Dozens of H-E-B and Walmart stores in the path of Hurricane Harvey have closed as the companies work to keep vital supplies like water and fresh food on store shelves in San Antonio and Houston.
H-E-B has closed at least 25 stores in the Gulf Coast region and around the Houston area while Walmart had shuttered 15 stores as of Friday afternoon. No store closures are currently expected for San Antonio and Austin, the companies said Friday
H-E-B has suspended shipments of goods into areas heavily impacted by the oncoming storm and closed stores in Corpus Christi, Aransas Pass and Victoria among other areas to ensure employees’ safety, company spokeswoman Dya Campos said.
The San Antonio supermarket chain plans to send about 15 of its mobile emergency response units — which include mobile kitchens and mobile pharmacies along with electrical generators and water tankers — sometime this weekend when the storm dissipates, the company said. More than 100 H-E-B employees are expected to volunteer with the company’s mobile kitchens and direct response units.
Walmart has closed stores in Port Lavaca, Corpus Christi, Rockport, Kingsville, Edna and Portland resulting from mandatory evacuations or power losses in those areas, spokesman Reagan Dickens said.
Retailers are on high alert as Hurricane Harvey makes landfall, determining where to send additional shipments of bottled water, ready-made food items, batteries and flashlights to keep shelves stocked and whether to close stores to keep employees safe.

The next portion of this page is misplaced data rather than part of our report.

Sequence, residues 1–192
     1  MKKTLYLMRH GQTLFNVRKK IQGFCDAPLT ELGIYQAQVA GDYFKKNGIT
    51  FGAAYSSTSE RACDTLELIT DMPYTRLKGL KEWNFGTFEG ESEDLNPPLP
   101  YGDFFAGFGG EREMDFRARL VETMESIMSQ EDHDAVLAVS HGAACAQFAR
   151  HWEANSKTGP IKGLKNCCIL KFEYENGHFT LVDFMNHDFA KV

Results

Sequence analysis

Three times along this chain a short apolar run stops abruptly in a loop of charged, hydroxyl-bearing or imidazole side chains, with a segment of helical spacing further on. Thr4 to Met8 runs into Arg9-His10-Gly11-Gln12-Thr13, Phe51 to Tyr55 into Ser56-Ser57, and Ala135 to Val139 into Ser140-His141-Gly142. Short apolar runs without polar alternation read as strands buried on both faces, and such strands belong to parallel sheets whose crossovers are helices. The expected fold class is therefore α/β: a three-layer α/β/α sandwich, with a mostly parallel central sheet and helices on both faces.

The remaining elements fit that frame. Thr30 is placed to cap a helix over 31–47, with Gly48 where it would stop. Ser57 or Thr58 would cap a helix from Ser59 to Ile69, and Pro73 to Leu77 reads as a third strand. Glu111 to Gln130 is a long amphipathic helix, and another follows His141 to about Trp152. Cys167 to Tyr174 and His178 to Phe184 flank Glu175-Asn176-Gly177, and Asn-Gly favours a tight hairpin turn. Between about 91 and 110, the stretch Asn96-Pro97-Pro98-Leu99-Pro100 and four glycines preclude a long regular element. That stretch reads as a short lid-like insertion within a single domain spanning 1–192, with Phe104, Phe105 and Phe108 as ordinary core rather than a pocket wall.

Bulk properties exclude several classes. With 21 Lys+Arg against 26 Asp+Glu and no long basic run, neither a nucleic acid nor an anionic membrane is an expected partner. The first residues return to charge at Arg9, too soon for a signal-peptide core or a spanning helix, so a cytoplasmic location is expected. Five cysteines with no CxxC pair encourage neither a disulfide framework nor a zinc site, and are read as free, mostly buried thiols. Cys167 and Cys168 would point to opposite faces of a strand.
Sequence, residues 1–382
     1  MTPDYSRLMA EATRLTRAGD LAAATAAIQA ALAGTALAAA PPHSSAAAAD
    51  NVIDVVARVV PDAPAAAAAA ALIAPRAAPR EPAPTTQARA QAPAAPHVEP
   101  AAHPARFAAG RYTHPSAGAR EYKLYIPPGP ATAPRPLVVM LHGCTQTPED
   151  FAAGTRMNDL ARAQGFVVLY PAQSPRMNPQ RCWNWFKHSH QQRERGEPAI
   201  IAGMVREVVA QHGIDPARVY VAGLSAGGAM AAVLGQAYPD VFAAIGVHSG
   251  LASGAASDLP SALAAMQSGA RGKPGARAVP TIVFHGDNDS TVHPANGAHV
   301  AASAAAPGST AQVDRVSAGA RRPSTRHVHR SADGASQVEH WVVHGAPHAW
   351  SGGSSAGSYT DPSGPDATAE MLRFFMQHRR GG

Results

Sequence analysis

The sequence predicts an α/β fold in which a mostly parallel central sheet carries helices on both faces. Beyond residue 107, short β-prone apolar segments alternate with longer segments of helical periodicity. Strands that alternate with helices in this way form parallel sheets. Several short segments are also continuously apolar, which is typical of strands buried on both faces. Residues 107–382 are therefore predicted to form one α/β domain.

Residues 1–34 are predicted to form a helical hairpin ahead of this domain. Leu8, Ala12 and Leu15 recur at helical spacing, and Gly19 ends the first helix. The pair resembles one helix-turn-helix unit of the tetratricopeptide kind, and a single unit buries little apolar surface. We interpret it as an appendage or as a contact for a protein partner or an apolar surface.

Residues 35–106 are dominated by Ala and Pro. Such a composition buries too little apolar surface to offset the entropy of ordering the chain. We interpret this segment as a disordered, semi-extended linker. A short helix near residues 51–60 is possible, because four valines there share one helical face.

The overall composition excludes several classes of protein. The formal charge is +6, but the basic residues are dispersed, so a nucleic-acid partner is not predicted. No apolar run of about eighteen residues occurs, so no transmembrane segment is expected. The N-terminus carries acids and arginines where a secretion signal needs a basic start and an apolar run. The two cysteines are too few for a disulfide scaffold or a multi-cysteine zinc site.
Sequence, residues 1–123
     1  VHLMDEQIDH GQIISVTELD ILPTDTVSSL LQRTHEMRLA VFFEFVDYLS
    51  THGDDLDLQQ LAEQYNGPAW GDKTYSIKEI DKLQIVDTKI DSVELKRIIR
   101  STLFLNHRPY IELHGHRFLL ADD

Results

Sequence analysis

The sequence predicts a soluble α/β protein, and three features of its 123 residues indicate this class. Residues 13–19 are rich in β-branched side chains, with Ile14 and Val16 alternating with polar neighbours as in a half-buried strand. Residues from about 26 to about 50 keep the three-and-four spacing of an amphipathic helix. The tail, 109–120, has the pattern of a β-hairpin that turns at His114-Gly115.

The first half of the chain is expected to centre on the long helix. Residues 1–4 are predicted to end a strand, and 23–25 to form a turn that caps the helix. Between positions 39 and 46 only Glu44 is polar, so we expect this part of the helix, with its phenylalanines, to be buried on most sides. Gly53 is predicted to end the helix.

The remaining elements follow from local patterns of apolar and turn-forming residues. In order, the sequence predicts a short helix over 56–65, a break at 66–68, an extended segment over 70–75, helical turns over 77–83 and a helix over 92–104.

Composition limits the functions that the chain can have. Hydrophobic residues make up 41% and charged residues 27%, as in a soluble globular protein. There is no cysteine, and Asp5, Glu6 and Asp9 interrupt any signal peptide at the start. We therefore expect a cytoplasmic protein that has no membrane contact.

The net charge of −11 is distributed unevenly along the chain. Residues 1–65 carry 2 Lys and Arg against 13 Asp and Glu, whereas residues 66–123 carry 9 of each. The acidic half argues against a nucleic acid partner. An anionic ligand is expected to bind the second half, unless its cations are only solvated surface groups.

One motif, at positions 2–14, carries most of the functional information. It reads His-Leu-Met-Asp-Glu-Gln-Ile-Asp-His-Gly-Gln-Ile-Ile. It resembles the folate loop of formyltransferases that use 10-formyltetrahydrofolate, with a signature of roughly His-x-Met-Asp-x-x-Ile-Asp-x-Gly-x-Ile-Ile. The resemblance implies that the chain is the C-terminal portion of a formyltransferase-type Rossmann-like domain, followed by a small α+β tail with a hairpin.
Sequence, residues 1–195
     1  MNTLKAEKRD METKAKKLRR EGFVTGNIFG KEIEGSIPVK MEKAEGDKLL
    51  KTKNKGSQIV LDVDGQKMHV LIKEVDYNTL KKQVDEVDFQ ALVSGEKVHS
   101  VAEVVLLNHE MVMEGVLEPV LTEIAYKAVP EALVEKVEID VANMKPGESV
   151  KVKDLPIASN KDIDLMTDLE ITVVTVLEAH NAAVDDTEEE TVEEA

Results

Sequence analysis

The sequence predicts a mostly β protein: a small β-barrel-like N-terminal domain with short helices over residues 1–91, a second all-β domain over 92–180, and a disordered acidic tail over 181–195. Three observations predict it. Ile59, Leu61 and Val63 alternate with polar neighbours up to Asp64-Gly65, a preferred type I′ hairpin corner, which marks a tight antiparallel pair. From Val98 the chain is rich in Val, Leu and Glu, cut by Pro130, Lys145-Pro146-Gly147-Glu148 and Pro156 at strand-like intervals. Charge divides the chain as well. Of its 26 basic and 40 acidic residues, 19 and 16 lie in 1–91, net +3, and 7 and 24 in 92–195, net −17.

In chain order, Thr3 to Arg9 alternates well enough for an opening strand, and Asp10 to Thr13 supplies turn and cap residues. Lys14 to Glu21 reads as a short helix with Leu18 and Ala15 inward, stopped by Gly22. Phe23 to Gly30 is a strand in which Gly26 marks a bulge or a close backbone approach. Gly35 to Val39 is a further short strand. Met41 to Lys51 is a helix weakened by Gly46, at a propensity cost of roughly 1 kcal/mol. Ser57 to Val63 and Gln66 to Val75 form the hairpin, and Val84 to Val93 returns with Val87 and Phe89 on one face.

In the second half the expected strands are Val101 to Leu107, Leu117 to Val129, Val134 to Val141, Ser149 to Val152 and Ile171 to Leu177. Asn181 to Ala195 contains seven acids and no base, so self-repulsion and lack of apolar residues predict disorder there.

Photos of empty shelves, especially on bottled water aisles, and long lines at area grocery stores flooded social media timelines on Facebook and Twitter Thursday and Friday.
Campos said H-E-B is diverting some inventory from closed stores to stores that remain open but that the supermarket chain’s stores are receiving deliveries.
“We are replenishing that product as fast as we can,” Campos said.
Walmart’s emergency operation center in Bentonville, Arkansas is “speaking frequently” with store operations teams in Texas to gauge where to ship additional stock of water, fuel containers and other supplies to the company’s stores in Texas and Louisiana, Dickens said.
“You’re working with traffic, you’re working with weather,” Dickens said. “You’re working with high winds, high waters. The timelines (to restock) are a little more difficult to predict.”